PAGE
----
I've been planning this trip for a few weeks now as I'm due at a wedding in Nice tomorrow! But I couldn't possibly visit this part of France without dropping in on a few of the magnificent gardens that I'll be sharing with you in the next couple of days. The climate here in the south of France means that there are plants and vistas that you wouldn't find back home and combine that with the opulence of the area and you've got some pretty exotic gardens.
My first stop today was the world-famous Villa Ephrussi de Rothschild at Cap Ferrat, just outside Nice. My initial response was "Wow"! The villa was built for the Baroness Beatrice Ephrussi de Rothschild in 1912 and she had an entire hill removed so that the gardens could be laid out on flat ground; she named the villa after an ocean liner and insisted that all 35 gardeners who worked there wore sailor costumes; and then she divorced the Baron and moved to Monaco, leaving her extraordinary villa and garden behind!
composed of nine different garden areas, which include French, Japanese, Exotic and Rose Gardens; and combined with its unique position overlooking the Mediterranean and with fine views of Villefranche and Beaulieu, this will surely feature as one of my top garden choices when I get around to writing the definitive book of gardens to visit worldwide, along with Majorelle in Morocco (see entry for 14 June) and Iford Manor, which I wrote about last week.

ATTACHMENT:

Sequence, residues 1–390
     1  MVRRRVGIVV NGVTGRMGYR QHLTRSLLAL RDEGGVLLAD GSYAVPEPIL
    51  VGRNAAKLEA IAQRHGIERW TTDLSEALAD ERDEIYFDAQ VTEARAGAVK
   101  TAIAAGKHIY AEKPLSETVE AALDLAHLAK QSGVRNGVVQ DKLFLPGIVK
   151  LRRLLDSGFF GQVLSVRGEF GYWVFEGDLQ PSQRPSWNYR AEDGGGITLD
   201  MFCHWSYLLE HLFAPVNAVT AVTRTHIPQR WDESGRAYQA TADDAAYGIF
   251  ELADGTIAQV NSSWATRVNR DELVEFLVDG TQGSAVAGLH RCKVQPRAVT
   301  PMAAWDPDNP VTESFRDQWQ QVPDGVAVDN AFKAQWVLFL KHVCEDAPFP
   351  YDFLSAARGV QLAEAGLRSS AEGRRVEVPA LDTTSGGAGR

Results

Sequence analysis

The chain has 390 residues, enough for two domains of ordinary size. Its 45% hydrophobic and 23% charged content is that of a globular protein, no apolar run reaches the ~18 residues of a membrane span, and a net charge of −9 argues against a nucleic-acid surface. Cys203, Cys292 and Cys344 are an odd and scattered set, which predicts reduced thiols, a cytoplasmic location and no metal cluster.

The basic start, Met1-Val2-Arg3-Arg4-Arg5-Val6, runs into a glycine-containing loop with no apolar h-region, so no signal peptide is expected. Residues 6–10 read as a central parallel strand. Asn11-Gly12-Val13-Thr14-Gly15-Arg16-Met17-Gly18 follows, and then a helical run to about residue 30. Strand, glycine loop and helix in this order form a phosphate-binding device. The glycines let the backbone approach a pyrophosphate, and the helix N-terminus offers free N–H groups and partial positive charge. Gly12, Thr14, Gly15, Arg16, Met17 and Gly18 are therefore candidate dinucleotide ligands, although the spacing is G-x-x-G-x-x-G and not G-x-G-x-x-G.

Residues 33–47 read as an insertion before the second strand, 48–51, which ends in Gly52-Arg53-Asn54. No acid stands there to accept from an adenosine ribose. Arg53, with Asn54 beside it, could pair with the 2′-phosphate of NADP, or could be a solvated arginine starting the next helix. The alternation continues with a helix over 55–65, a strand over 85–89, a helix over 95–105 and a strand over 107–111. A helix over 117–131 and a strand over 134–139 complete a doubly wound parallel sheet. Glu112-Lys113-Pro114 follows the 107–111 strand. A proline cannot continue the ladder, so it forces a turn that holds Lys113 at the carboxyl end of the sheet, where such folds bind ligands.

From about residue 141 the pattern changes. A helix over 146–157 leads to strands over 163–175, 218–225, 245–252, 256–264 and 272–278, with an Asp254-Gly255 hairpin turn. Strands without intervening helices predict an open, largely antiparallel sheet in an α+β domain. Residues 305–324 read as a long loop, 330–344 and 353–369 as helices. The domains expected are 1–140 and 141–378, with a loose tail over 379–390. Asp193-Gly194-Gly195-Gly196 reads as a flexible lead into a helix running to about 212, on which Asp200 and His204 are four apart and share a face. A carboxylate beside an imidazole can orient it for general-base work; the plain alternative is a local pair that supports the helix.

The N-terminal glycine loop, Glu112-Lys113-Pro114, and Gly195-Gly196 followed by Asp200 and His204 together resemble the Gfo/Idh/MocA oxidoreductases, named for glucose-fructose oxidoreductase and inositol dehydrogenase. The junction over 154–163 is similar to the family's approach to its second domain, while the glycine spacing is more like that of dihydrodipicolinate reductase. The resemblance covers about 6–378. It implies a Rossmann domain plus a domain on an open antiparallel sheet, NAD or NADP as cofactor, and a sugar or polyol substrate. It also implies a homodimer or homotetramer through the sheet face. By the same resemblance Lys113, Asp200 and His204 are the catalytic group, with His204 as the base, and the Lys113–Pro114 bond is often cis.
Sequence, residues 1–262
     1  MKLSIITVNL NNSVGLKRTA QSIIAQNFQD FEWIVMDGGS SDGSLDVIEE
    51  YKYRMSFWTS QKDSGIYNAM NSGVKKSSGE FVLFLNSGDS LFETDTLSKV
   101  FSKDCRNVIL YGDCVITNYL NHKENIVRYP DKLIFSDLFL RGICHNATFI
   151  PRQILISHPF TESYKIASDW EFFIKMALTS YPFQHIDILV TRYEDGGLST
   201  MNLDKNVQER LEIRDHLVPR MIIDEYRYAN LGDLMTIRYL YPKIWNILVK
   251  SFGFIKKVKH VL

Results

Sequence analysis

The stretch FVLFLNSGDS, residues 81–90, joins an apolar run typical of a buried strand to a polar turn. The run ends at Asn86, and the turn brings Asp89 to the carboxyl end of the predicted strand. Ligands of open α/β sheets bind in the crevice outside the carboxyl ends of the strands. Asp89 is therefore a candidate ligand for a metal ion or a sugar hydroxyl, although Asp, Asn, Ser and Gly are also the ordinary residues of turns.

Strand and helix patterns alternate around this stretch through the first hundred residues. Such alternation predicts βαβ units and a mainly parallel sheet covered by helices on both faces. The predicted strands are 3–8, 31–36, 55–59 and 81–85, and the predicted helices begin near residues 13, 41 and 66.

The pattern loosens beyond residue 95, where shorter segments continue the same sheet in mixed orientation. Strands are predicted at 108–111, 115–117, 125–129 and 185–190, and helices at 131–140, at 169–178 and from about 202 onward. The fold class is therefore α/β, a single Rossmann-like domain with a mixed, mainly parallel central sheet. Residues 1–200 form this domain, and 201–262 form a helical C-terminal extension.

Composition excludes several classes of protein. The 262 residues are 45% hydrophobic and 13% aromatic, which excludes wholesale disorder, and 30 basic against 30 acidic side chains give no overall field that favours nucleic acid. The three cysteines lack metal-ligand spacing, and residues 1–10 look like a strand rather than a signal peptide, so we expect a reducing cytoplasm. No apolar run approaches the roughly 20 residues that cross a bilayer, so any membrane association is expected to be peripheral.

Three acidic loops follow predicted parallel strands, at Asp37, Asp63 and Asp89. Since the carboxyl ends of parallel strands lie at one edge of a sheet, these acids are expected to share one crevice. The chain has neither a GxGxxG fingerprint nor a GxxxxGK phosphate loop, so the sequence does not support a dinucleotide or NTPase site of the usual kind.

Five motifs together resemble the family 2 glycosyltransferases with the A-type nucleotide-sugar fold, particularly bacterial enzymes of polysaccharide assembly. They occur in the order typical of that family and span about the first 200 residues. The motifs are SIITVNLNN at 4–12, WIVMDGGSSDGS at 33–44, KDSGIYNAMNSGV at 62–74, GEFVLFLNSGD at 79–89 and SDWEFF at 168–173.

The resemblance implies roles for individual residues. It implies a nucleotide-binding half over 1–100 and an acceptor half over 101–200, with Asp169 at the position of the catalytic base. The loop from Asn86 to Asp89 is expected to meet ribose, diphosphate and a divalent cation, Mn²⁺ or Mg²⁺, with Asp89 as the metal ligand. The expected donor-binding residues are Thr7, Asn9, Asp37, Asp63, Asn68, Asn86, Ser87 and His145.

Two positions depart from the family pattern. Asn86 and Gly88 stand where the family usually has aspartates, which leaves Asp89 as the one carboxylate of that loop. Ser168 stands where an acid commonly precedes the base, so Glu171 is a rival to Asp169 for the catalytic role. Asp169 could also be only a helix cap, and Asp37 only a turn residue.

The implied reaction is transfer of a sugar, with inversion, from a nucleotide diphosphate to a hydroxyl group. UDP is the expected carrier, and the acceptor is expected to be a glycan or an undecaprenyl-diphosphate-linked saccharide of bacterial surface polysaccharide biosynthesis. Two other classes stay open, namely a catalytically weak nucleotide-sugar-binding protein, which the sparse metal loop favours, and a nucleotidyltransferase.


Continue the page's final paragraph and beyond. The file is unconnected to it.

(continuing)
I had only heard the story about the gardeners being dressed as sailors before I left to see the garden today, so it was quite apt that there should be a huge cruise liner lying in the bay at Villefranche that was clearly visible from the Villa Gardens (above right).
Although the Baroness was responsible for the design of the villa and the areas of garden closest to the house, the credit for most of the planting and landscaping seen there today should go to Louis Marchand, who took over the garden when the villa was bequeathed to the nation in 1934. He was responsible for the Exotic Garden, with its huge bamboos and cacti and also the Japanese Garden.
The Rose Garden (left) is another striking feature of the landscape here - a huge area of pink roses planted in memory of Beatrice Ephrussi, because this was her favourite colour. I am told that this makes a staggering display when all the roses are in bloom!
But perhaps the most impressive sight of all here in the garden is the "musical" fountains in front of the pink villa (below). I say musical because they start up every 10 minutes, and for a short time, the wedding-cake villa is the backdrop for a theatrical fountain display that halts most visitors in their tracks! If you get to this part of the world, don't miss this villa, with its incredible gardens - it's open year round and it's certainly worth making a detour for!